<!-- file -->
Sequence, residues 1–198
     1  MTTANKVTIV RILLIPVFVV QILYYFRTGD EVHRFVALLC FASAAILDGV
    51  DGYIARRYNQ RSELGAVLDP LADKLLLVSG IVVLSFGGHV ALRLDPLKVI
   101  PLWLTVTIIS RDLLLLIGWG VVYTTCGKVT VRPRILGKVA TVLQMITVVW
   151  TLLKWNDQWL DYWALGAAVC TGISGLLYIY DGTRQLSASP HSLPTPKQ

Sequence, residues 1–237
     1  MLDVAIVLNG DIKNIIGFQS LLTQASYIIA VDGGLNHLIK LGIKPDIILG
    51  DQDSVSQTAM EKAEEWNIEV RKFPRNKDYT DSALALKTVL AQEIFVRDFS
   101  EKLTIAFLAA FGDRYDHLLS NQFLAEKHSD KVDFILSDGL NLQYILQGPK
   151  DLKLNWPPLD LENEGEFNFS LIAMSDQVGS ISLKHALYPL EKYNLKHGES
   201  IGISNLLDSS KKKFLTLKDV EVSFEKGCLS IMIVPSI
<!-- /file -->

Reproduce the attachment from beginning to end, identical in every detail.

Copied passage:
Sequence, residues 1–198
     1  MTTANKVTIV RILLIPVFVV QILYYFRTGD EVHRFVALLC FASAAILDGV
    51  DGYIARRYNQ RSELGAVLDP LADKLLLVSG IVVLSFGGHV ALRLDPLKVI
   101  PLWLTVTIIS RDLLLLIGWG VVYTTCGKVT VRPRILGKVA TVLQMITVVW
   151  TLLKWNDQWL DYWALGAAVC TGISGLLYIY DGTRQLSASP HSLPTPKQ

Sequence, residues 1–237
     1  MLDVAIVLNG DIKNIIGFQS LLTQASYIIA VDGGLNHLIK LGIKPDIILG
    51  DQDSVSQTAM EKAEEWNIEV RKFPRNKDYT DSALALKTVL AQEIFVRDFS
   101  EKLTIAFLAA FGDRYDHLLS NQFLAEKHSD KVDFILSDGL NLQYILQGPK
   151  DLKLNWPPLD LENEGEFNFS LIAMSDQVGS ISLKHALYPL EKYNLKHGES
   201  IGISNLLDSS KKKFLTLKDV EVSFEKGCLS IMIVPSI